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When leaving the house, you usually have to search for a few items: your wallet and mobile phone. But if some major technology companies and financial institutions have their way, soon you may only need your phone.
A mobile wallet allows consumers to carry payment information, including debit and credit card information, in digital form on a mobile or wearable device. This means consumers could, theoretically, begin leaving their credit and debit cards at home.
Sounds convenient, right?
According to a 2013 global PayPal study conducted by Wakefield Research on consumers’ attitudes toward various payment methods, 83 percent of respondents said they didn’t want to have to carry a physical wallet. Additionally, 29 percent of Americans surveyed said they would choose to only bring a smartphone and not a wallet when going out. Mobile wallets are clearly gaining in popularity.
“Over the next couple of years, we’ll see up to 50 percent of transactions being done with a phone or other mobile device,” says Peter Olynick, card and payments practice lead for Carlisle & Gallagher Consulting Group.
However, once you’ve started using a digital system, what do you do with all the credit and debit cards you’ll no longer take with you when you leave the house?
Protecting the information on your physical credit and debit cards
You may want to keep the actual cards in case you decide to switch back from a mobile wallet to a physical one or if your mobile device is lost or stolen.
In that case, the Federal Trade Commission (FTC) suggests keeping the information stored in a secure location, like a fireproof lockbox in your home or a safe deposit box at your bank. The FTC also says you should regularly check your credit card and bank statements to be sure there’s no suspicious activity.
Elie Bursztein, who leads anti-cybercrime efforts for Google and who blogs at Elie.net, suggests scratching off the three- or four-digit security code from the physical card (and, if need be, storing that information separate from the card) and writing “See ID” in place of a signature on the signature line. This way, if your cards are ever taken from your home, you may still have some protection from their misuse.
If you feel you’ll never need your physical credit cards again or wouldn’t mind ordering new copies if using your mobile wallet doesn’t work out, be sure to fully destroy the cards. In this age of identity theft, simply cutting a card in half no longer works, experts at creditcards.com say.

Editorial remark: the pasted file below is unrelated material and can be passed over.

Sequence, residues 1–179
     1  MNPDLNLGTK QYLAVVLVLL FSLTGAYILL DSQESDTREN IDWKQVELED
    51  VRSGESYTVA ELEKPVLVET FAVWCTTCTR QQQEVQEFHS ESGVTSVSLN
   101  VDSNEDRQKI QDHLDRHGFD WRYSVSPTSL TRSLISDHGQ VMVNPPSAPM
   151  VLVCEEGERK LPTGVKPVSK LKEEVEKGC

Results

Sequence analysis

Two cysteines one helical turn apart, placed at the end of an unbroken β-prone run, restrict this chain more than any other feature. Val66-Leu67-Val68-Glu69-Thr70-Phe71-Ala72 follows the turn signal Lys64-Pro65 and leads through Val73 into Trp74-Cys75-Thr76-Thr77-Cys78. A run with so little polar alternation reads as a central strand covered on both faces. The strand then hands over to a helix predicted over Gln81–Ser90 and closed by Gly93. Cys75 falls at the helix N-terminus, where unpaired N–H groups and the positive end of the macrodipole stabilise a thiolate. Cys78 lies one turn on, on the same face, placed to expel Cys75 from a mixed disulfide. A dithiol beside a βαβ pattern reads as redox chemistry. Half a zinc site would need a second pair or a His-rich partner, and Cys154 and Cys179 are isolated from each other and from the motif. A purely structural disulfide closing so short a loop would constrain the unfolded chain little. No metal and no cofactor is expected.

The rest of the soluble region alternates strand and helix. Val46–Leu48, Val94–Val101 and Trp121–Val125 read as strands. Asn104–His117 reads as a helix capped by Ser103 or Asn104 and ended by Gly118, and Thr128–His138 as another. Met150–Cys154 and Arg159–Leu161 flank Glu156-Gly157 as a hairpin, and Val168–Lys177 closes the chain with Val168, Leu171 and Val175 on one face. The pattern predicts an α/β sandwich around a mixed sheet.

Instead, cut cards into many small pieces, or shred them (being sure to destroy any magnets or chips), or, if you want to be really safe, burn the card in pieces.
Don’t throw away your wallet just yet
For now, though, even if you leave your credit cards at home, you’ll still have to keep your wallet with you, Olynick says.
“We’re a number of years away from being comfortable enough to accept only mobile payments,” Olynick explains. “There will be an extensive period when either is accepted… but it will be some time before you can say, ‘I don’t need to bring a physical wallet.’ ”
When will you finally be able to leave your wallet at home? It’s not the mobile payment systems that will hold consumers back from completely digital wallets, Olynick says. It’s the national and statewide identification systems such as driver’s licenses that will keep wallets in people’s pockets.
“At some point, governments will have to figure out, do they want to allow mobile identification? When that happens, that’s really when people will have the ability to leave their wallets at home,” he says.
The information contained in this blog post is designed to generally educate and inform visitors to the Equifax Finance Blog. The blog posts do not give, and should not be assumed to provide, personalized tax, investment, real estate, legal, retirement, credit, personal financial, or other professional advice. Before making any financial decision, you should always consult with the appropriate professionals who can explain your options, rights, and legal responsibilities, and advise you on any tax, legal, credit, or business implications that may result from those decisions. The views and opinions expressed by the authors of blog posts are their own views and may not be the views or opinions of Equifax, Inc. and/or its affiliates.
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